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ADV BikesBuilding the Ultimate BMW F800GS RTW Bike

Building the Ultimate BMW F800GS RTW Bike

Portuguese Adventure Rider Designs a Bike Custom Made to Circle the Globe.

Published on 04.03.2018

What’s the ultimate adventure bike? That’s like asking, “What’s the best oil?,” or “What kind of tires should I use?” Everyone has an opinion, and these topics often get heated.

A better question might be, “What’s the best adventure bike for what I want to do?” For Portugal native José “Zé” Duarte, the answer was a 50/50 on-off road bike. Something that paid homage to the great classic dual sports like the Suzuki DR650, the Honda XR650L, and the Kawasaki KLR650, but updated the concept with modern suspension components and electrics, higher horsepower, and comparable weight. Unfortunately, as Duarte explains, that motorcycle doesn’t exist. So he built it himself, with the express purpose of taking it on a one-year trip around the world that began March 19.


BMW Motorrad Portugal partnered with Duarte to jointly build a bike for his journey. “We decided to let our imaginations go wild and produce a very special 2017 F800GS to celebrate the last production year of this iconic GS model,” explained Duarte. The result? A globetrotting bike that weighs 456 pounds (207 kg) wet, puts out 100 horsepower, carries 6.3 gallons (24 liters) of fuel and is able to cover 310 miles (500 kilometers) between gas stops. It was a lofty goal, considering that the stock F800GS puts out 85 horsepower and weighs 478 pounds wet carrying the standard 4.2 gallons (16 liters) of fuel.

BMW F800GS Round the World Adventure Motorcycle Build

Purpose-Built BMW F800GS

One thing that helped Duarte meet his weight goal was the idea behind the bike itself: a less-complicated machine with ties to the original mile-crushing dual sports. That made his decision to shed the ABS, traction control and electronically adjustable suspension components easy. He’s not opposed to electronic aids, but as he puts it, “It’s another part that can fail. Also, it’s OK to turn off all aids every time one goes off-road, but it’s not OK to do so daily, or multiple times a day, especially when you have a one-year journey ahead. You’ll eventually forget about it and get scared out of your mind when the bike does not react as you are expecting.”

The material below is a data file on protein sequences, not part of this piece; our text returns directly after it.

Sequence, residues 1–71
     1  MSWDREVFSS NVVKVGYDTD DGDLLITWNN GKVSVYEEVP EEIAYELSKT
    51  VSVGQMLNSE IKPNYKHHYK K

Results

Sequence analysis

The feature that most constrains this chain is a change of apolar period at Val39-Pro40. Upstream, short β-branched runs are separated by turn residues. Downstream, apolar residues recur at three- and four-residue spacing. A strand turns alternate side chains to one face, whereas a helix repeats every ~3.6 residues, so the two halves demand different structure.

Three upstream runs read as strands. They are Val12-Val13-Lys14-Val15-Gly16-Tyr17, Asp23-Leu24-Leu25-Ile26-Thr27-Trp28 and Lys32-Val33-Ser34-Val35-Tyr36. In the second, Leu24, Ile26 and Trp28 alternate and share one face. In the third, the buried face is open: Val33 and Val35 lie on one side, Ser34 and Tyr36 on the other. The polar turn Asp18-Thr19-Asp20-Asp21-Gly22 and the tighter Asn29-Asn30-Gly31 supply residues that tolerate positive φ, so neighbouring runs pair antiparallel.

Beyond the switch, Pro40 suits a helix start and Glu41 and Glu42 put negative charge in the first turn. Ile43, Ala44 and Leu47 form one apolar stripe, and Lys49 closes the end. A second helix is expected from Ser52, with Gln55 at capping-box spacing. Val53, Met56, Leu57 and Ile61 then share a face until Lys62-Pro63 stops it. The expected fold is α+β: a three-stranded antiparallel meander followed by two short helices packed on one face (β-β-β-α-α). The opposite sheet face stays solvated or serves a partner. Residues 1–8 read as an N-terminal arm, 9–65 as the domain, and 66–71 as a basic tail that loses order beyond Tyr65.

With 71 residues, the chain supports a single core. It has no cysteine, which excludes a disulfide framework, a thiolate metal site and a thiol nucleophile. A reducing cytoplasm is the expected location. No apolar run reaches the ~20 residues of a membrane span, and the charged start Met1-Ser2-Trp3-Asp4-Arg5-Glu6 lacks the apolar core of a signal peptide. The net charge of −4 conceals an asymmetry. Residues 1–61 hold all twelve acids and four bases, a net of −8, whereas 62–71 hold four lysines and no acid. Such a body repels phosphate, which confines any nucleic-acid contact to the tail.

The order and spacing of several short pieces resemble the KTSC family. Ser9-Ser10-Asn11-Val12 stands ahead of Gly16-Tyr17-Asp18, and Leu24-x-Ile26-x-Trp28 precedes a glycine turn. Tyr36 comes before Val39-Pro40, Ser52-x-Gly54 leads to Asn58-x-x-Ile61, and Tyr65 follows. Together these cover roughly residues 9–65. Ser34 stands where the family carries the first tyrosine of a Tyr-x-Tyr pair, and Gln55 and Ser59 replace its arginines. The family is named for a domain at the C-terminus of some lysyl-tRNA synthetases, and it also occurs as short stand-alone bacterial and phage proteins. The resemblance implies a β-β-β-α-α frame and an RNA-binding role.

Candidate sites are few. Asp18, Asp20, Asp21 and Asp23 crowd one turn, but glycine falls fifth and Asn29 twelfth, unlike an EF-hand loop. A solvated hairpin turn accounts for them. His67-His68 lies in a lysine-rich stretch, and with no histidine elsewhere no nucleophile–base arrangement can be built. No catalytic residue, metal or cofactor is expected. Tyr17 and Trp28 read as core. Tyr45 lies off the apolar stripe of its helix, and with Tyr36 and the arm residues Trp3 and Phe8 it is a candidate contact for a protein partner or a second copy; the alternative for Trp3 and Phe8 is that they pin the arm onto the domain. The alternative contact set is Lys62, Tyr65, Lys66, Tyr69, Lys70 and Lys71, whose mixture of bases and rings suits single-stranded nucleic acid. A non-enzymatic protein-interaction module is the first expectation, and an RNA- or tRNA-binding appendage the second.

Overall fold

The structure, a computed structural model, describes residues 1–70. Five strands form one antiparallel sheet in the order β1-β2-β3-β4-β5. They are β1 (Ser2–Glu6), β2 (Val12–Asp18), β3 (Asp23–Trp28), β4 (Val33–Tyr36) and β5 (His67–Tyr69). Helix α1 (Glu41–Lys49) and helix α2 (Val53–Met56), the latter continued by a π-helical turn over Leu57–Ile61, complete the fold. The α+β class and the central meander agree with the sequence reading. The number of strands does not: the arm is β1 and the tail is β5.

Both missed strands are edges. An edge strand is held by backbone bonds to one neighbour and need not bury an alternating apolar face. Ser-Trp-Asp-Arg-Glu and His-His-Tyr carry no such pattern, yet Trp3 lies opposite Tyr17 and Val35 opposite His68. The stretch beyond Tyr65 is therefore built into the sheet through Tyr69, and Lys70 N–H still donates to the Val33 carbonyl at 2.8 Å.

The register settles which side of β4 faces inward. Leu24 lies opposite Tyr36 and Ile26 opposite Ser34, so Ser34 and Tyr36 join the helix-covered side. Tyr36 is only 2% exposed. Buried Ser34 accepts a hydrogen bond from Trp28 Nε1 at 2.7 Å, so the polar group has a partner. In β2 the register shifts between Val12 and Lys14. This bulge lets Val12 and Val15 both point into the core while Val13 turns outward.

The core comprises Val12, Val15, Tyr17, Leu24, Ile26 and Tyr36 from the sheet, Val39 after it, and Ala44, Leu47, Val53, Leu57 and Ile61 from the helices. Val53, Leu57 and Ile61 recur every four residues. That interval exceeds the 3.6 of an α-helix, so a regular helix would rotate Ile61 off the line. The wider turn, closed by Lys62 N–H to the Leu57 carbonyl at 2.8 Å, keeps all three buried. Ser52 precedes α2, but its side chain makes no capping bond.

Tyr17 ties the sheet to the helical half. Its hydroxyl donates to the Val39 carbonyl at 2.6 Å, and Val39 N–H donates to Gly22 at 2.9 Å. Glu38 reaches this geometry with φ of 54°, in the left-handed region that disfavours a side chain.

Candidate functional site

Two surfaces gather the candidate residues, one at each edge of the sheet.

BMW F800GS Round the World Adventure Motorcycle Build

BMW F800GS Round the World Adventure Motorcycle Build
Rear brake left-hand system with rear brake reservoir on the handlebar (rear brake is usable on the handlebar or on the foot).

His GS now sports 48mm WP forks with 10.6 inches (270 mm) of travel up front, and a Mupo AB shock in the back. Other cockpit mods include Renthal Twinwall handlebars, a Scotts steering damper, a left-hand supplemental rear brake system with the master cylinder mounted on the handlebar, and a custom instrument tower integrating a lightweight LED headlight with a BMW R1200GS windscreen.

Duarte put on a Rekluse auto clutch to reduce fatigue on big-mile days and for when the going gets rough. To bump the power, he modified the bike’s air box, installed a complete exhaust system from Italian manufacturer QD, and remapped the bike’s fuel injection.

BMW F800GS Round the World Adventure Motorcycle Build

BMW F800GS Round the World Adventure Motorcycle Build

Out back he modified the F800GS’s subframe, including small, easily removable footpegs that weigh less than the stock units and allow him to carry a passenger if the situation calls for it. (Duarte is traveling with his girlfriend who is relatively new to riding. She’s on her own Yamaha XT660R, which he also helped prep for the trip.) He also beefed up the frame at the upper shock mounting point and installed a stronger mounting bolt.

BMW F800GS Round the World Adventure Motorcycle Build